Category: Biological News

  • Noncoding RNA Therapies

    I was mentioning the number of unusual therapeutic modes that are being explored these days, and one of those is (broadly) RNA-based approaches. The ones that directly feed into coding for proteins get a lot of attention (the mRNA vaccines, for example), and everything that’s currently approved is some sort of antisense or siRNA species. […]

  • Viral Knots

    The current pandemic has made everyone think a lot more about viruses than they ever had any desire to, but they’re a constant background to our lives – and to the lives of pretty much every living creature. Humans have their viruses, other mammals have theirs (with occasional catastrophic overlaps), and birds, reptiles, and fish […]

  • The Mirror World

    Now this is a paper that’ll make your head spin. It’s from the Zhu group at Tsinghua University, and the head-spinning will be both because of the subject matter and the amount of work involved. So let’s get chiral – first, a bit of background for readers who don’t think about this stuff all the […]

  • One Lost Methyl Group = Huge Amounts of Food Production

    I don’t do a lot of posts on plant biochemistry here, but this news is pretty notable, and it illustrates several points that apply across other fields as well. This new paper has as its background the role of a particular methyl group in the structure of RNA molecules: N6-methyladenosine. The presence or absence of this […]

  • More Protein Folding Progress – What’s It Mean?

    I last wrote about Deepmind’s efforts to predict protein folding and structure here, with their AlphaFold software. AlphaFold really performed very strongly in the 2020 protein folding challenge, and that got a lot of attention. Well, they’ve recently published a great deal of detail on how they did this, released their source code, and they’ve announced […]

  • A Fifty-Year-Old Cancer Drug Doesn’t Do What You Think

    5-fluorouracil (5-FU) has been around a long time now (over fifty years), and it’s a standard oncology drug (particularly in colorectal treatment regimes). But try going around and asking people how it works. If you’re talking to a clinician and want to seem up on the lingo, just say “What’s 5-FU’s MOA?” (mechanism of action). […]

  • Why Are Women and Men So Different in Autoimmune Disease?

    That last post on vaccine reactions mentioned autotimmune disease several times, and that brings up a question that’s been outstanding for many decades now. If you look at the distribution of most autoimmune syndromes in the population, you find many obvious differences between male and female incidence rates. Guillain-Barré (discussed yesterday) is less common in women […]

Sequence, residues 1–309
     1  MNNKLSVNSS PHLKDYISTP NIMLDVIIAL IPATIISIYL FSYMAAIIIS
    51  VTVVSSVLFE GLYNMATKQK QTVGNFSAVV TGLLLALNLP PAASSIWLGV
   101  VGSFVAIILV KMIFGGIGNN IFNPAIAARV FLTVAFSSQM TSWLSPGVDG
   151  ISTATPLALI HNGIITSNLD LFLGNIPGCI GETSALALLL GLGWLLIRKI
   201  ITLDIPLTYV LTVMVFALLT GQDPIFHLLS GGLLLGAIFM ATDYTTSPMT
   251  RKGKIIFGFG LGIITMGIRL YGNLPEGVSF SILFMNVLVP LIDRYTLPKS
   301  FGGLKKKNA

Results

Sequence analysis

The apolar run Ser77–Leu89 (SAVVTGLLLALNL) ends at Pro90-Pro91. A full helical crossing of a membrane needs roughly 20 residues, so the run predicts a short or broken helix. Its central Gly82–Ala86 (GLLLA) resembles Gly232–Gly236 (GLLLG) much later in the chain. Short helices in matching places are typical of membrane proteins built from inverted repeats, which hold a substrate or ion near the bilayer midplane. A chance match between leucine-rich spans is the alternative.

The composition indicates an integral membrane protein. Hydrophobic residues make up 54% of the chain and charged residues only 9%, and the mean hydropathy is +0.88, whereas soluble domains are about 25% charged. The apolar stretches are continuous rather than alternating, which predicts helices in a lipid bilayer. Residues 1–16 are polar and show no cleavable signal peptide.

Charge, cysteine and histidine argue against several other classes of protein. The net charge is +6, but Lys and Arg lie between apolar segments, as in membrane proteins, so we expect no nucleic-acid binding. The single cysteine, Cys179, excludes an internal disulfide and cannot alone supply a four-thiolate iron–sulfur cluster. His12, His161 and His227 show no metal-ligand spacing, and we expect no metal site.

• What mRNA is Good For, And What It Maybe Isn’t

    The huge success of the mRNA vaccination platform during the pandemic has set a lot of people to thinking about what comes next. Moderna and BioNTech, of course, have been thinking this way for quite some time. But Sanofi now says that they’ll be investing large amounts into the technology, and this previously hadn’t been […]

  • Med-Chem Should Be Larger Than It Is

    I’m really glad to see this Perspective article in the Journal of Medicinal Chemistry, not least because it hits on a theme that I emphasize whenever I get a chance to speak to graduate student chemistry audiences. The author, Bart Roman, is pointing out that (1) biologics are relentlessly expanding their role in the landscape […]

  • Clearing Cellular Dead Wood

    For many years now, the topic of “senescent cells” has been the subject of plenty of research work. Back in the 1960s the “Hayflick limit” was noticed in cell culture: there was an apparent limit to the number of cell divisions that could take place before the cells just sort of stalled out. For human […]

  • CRISPR Editing in Primates

    There’s some really interesting CRISPR news out today, and it’s likely to be a forerunner of much more news to come. A research team has demonstrated what looks like robust, long-lasting effects in a primate model after one injection of the CRISPR enzymatic machinery. There have been plenty of rodent reports on various forms of […]

  • Integration Into the Human Genome?

    I’ve had several requests for comment on this recent PNAS paper, which talks about integration of SARS-CoV-2 sequences into the DNA of human cells. I’m glad to do it, but right off I have to note that a lot of the attention that it’s getting seems (sadly) to be coming from anti-vaccine activists, who are […]

  • Vaccine Manufacturing Woes at Emergent

    The New York Times has a good story on the problems at the Emergent vaccine plant in Baltimore, following up on this one. They’ve uncovered a report from last summer that warned that the facility had quality control problems: A copy of the official’s assessment, obtained by The New York Times, cited “key risks” in […]

  • Mysteries in Human RNA

    Let’s put this one in the category of “more things that we didn’t know about human biology”. We’ve known for some time now about ribozymes – catalytic enzyme-like structures made out of RNA instead of proteins. But they’ve been studied more in lower organisms overall. We know that the hammerhead ribozymes are widely distributed (and […]